It's a win-win situation
THE key concern about growing old here, especially for the better-educated, is accessing gainful employment ("Be the best country to grow old in"; Nov 16).
Many of my friends, most of whom have degrees from top British or American universities, were retrenched in their mid-50s.
Subsequently, they could not find regular work, mainly due to perceptions that they were "elderly" and not "dynamic" enough to hold down full-time jobs.
Thus, they felt disempowered and lost hope of remaining as productive members of the community.
Typically, they are more aware than their less-educated peers of the long years they are likely to spend in retirement.
Most are upset at the thought of having to be "dependent" on their children.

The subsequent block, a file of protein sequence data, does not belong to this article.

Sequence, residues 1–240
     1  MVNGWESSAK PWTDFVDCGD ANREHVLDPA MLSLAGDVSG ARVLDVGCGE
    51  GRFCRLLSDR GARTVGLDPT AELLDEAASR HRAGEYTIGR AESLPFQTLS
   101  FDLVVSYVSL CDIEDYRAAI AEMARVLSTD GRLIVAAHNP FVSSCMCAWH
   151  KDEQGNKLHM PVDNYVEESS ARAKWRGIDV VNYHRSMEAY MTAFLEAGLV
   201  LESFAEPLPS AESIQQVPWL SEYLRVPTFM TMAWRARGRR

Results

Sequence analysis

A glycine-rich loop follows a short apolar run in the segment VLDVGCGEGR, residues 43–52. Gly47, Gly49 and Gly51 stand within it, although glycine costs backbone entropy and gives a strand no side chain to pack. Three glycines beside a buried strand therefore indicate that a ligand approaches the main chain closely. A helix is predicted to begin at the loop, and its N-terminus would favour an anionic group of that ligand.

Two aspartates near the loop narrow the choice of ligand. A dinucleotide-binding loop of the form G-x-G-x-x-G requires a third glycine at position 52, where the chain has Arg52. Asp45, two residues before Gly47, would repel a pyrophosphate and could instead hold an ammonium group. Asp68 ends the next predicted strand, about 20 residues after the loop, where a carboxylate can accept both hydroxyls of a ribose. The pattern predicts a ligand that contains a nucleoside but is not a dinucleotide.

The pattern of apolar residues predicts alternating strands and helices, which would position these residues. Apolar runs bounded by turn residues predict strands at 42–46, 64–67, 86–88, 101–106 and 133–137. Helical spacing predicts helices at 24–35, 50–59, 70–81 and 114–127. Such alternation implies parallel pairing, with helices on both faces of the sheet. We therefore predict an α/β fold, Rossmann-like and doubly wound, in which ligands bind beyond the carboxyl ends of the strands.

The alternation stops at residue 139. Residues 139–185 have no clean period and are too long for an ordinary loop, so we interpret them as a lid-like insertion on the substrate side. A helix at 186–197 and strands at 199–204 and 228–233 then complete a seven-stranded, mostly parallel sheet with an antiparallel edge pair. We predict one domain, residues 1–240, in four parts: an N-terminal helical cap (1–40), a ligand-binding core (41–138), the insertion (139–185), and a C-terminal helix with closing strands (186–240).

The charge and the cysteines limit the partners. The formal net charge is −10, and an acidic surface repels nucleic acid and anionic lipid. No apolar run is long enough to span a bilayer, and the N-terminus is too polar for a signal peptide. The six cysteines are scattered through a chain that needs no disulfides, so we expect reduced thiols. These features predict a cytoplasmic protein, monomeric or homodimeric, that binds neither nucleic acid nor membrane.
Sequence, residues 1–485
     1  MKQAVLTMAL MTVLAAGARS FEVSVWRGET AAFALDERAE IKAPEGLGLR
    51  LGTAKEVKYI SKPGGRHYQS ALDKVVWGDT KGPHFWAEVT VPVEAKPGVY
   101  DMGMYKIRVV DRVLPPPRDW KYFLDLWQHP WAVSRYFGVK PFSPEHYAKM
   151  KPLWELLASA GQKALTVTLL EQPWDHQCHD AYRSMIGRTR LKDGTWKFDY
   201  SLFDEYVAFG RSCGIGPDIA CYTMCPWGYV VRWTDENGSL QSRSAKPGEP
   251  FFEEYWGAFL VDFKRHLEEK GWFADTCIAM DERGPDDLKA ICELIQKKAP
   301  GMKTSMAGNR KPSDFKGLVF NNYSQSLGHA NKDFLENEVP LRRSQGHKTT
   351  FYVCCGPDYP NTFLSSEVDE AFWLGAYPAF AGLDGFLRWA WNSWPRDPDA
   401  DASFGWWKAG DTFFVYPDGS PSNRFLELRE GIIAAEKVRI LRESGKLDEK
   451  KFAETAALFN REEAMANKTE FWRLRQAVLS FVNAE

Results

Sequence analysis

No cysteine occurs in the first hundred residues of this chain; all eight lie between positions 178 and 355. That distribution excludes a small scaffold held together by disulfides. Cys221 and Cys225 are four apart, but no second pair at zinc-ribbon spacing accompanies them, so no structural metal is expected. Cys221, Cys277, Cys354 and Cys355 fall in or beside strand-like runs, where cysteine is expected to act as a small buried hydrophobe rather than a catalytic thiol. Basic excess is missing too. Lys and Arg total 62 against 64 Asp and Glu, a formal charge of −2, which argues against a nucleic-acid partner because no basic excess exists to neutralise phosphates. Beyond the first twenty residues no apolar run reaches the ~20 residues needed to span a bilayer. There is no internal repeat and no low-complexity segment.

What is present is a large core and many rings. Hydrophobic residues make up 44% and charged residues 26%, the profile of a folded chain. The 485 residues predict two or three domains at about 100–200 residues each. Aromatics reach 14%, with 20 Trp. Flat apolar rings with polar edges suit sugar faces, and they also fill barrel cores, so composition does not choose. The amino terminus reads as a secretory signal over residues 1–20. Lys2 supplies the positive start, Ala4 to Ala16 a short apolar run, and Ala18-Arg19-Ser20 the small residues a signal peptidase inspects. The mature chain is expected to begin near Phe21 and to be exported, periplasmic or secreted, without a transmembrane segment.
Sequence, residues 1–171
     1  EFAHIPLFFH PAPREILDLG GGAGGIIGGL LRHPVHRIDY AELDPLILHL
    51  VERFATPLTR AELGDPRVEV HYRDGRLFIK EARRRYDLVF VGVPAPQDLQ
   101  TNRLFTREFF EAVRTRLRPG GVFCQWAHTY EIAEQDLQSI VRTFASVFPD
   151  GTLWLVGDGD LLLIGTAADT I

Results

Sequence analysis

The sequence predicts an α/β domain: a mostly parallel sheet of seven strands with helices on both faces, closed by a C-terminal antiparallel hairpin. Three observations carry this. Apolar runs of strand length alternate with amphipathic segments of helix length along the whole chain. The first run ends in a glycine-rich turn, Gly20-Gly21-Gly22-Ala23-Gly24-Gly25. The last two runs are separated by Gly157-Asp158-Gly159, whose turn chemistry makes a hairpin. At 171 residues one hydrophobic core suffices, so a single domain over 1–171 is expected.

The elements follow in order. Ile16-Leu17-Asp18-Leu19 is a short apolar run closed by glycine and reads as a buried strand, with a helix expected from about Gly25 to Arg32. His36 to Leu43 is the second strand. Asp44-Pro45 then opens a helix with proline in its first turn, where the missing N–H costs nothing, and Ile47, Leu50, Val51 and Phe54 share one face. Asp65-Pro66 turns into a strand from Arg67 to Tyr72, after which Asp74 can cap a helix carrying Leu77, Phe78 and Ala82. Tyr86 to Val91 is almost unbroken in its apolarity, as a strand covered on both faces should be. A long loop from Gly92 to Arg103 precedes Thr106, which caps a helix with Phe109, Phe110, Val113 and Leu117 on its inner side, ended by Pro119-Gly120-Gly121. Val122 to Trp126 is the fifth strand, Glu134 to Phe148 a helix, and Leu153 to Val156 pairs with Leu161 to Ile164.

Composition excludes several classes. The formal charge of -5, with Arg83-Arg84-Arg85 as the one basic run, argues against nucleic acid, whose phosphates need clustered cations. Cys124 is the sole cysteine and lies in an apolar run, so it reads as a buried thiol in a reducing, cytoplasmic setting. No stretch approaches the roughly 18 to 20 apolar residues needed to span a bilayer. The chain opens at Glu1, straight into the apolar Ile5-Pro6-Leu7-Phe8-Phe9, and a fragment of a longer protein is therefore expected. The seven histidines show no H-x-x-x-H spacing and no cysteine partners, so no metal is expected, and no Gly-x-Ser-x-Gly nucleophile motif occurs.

The new "normal" of higher inflation also worries them as their nest eggs will be depleted faster.
Many people in their 60s whom I meet are capable of being bankers, editors, teachers and managers. But most say they are unable to find gainful full-time employment.
One way to address this problem is to set up headhunting agencies dedicated to helping better-educated and qualified seniors find jobs.
These agencies can enlist companies or government enterprises that openly commit to at least interviewing people who are over 60 years old.
This is not happening now despite the Government's efforts.
These seniors are a talent pool waiting to be tapped, and offer a better alternative to middle-level managers from overseas, who need perks in the form of housing and school places for their children.
Helping these seniors find jobs is a win-win situation. They would feel more productive, engaged and happier, and the labour crunch here can be eased.
Tara Dhar Hasnain (Mrs)